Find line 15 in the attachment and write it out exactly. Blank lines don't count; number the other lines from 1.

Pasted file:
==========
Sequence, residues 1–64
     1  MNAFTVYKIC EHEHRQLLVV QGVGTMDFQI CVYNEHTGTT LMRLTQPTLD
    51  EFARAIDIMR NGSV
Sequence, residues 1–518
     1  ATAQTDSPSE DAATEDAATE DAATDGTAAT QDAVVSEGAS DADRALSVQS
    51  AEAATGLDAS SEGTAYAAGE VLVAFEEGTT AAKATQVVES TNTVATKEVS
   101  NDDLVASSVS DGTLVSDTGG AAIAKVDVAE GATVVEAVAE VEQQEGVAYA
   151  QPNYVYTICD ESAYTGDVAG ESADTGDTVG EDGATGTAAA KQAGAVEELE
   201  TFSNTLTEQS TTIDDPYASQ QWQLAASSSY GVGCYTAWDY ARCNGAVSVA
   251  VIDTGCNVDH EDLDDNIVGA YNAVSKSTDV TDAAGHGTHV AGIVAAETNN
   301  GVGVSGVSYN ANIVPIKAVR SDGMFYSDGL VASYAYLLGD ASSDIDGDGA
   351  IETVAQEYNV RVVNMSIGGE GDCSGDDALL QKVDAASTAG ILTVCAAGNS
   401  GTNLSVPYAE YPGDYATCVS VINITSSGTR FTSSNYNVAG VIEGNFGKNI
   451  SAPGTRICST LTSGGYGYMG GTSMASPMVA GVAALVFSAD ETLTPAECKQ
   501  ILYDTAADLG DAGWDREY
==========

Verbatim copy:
   501  ILYDTAADLG DAGWDREY